Tails From The Zoo

Winnipeg Lions Roar at National Awards Ceremony October 25, 2010

Assiniboine Park Zoo Wins Prestigious Award

Winnipeg, October 26, 2010 – The Canadian Association of Zoos and Aquariums recently announced that the Assiniboine Park Zoo‟s new „Pavilion of the Lions‟ exhibit has won its top national award – the Baines Award for outstanding achievement.

Voted as the best new animal exhibit in Canada this year, it is an innovative exploration of the Lion‟s evolution, ecology, conservation, as well as prehistoric and historic relationships with people.
“We‟re absolutely thrilled to have this exhibit recognized in such a special way,” says Bob Wrigley, Curator for the Assiniboine Park Zoo. “Pavilion of the Lions is just one element of a massive redevelopment plan for the Assiniboine Park Zoo so we‟re proud to say this is the first of many stellar improvements in the works.”
The exhibit was described at the awards ceremony in Montreal as combining the best in animal care with a design that maximizes the visitor experience. Indoors and outdoors, visitors can safely go nose-to-nose with “the King of Beasts,” separated only by glass.
Exciting educational programs are also underway, such as “ZoosnooZ – Snore and Roar” – a sleep-over with the Lions.
Further information regarding the exhibit and award can be found at http://www.assiniboinepark.ca and http://www.caza.ca/en/news.


Planning to welcome African cats April 15, 2010

No Asian lions for Winnipeg zoo

Planning to welcome African cats, instead

By: Carol Sanders, Winnipeg Free Press


WONDERING where the Asian lions are?

Well, the pair the Assiniboine Park Zoo was preparing to welcome this summer aren’t coming.

“Although we did our best to enter the Asian lion breeding programs in Europe and India, we were informed there is a waiting list of dozens of zoos ahead of us,” zoo spokesman Dr. Bob Wrigley said.

“The animals are so rare, and the breeding so carefully controlled among participant zoos, that it will likely be many years before we are selected.”

Now, the zoo is planning to get some equally majestic, albeit less-rare and exotic, African lions, he said.

There are just 350 Asiatic lions left in the wild — all of them in the Gir National Park and Lion Sanctuary in northern India.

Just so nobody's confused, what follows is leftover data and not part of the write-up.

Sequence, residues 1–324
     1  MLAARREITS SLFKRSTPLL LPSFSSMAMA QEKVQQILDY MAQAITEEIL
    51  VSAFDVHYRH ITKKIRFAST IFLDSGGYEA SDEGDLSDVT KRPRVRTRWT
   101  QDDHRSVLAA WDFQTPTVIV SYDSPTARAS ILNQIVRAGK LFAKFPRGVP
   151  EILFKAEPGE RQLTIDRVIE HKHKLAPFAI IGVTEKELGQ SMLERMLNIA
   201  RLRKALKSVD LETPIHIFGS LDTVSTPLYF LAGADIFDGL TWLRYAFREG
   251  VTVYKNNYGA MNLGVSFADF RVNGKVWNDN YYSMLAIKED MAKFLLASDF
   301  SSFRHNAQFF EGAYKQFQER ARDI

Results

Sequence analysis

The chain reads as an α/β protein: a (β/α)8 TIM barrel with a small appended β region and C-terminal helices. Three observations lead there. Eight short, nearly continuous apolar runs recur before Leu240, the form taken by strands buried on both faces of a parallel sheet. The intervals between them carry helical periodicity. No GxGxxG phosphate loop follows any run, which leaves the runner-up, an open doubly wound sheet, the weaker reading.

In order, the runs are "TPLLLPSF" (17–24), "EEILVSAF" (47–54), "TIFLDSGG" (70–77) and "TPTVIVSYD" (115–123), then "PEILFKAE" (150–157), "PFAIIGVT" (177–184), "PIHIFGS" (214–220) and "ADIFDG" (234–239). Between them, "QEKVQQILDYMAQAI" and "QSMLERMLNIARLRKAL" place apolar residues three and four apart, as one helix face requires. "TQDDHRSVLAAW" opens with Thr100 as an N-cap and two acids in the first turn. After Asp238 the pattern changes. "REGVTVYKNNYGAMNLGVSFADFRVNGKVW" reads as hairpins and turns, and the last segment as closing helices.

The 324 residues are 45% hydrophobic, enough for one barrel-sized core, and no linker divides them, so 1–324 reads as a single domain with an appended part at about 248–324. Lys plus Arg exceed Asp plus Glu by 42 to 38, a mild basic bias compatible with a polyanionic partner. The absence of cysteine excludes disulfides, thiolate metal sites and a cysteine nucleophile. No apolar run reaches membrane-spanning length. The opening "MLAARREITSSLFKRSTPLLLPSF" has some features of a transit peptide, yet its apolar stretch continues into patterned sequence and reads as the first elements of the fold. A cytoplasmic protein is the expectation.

The animals were almost wiped out by sport hunting over the last two centuries, the Asiatic Lion Information Centre reports.

When the lion hunt was outlawed in the 1900s, the greatest threat came from the destruction of habitat. Vast tracts of jungle forest were cleared for timber to sell and to make way for the increasing human population. To bolster the endangered Asiatic lion population, co-operative inter-zoo breeding programs were set up. In 1990, two Asiatic lion couples from India were brought to the London Zoo, the Asiatic Lion Information Centre said. Zoos in Zurich and Helsinki received lions in 1991 and 1992 respectively. By the end of 1996 some 12 zoos were participating in the Asiatic lion breeding program. Ten years later, there were 99 lions at 36 zoos, the information centre said.

The Zoological Society of Manitoba was hoping Winnipeg’s zoo might be the first in North America to house Asiatic lions.

Last year, it decided to spend $1 million to convert the unused 20-year-old panda bear enclosure into a home for Asian lions. It was seen as an investment in promoting conservancy and education, and a way to boost zoo attendance. The warm-weather cats needed space to roam and a cosy abode in cold winters. Later this spring, the renovated panda pad will house a pair of African lions, said Wrigley. “…We have made great progress on the lion exhibit — including the indoor exhibit area, a beautiful interpretive space and renovations to the outside enclosure.”

Around five years ago, the zoo had some African lions who had cubs. Nearly half a million visitors flocked to the zoo to see the king of beasts. They are no longer at the zoo. “I believe the new lions will be a real hit,” he said.


Republished from the Winnipeg Free Press print edition April 10, 2010 B2


Reducing our Zoo Footprint July 28, 2009

The Zoological Society of Manitoba and Assiniboine Park Zoo have been busy over the past couple of years significantly reducing our carbon footprint. What does that mean you may ask? Well, simply that we are trying to do as many things at the zoo that reduce our negative impact on the earth and the environment. I’ve listed many of our activities in previous blogs, but if we just sat back and said, “Look what we did”, we really wouldn’t be leading by example. So instead, we’re continually trying to find ways of greening the zoo.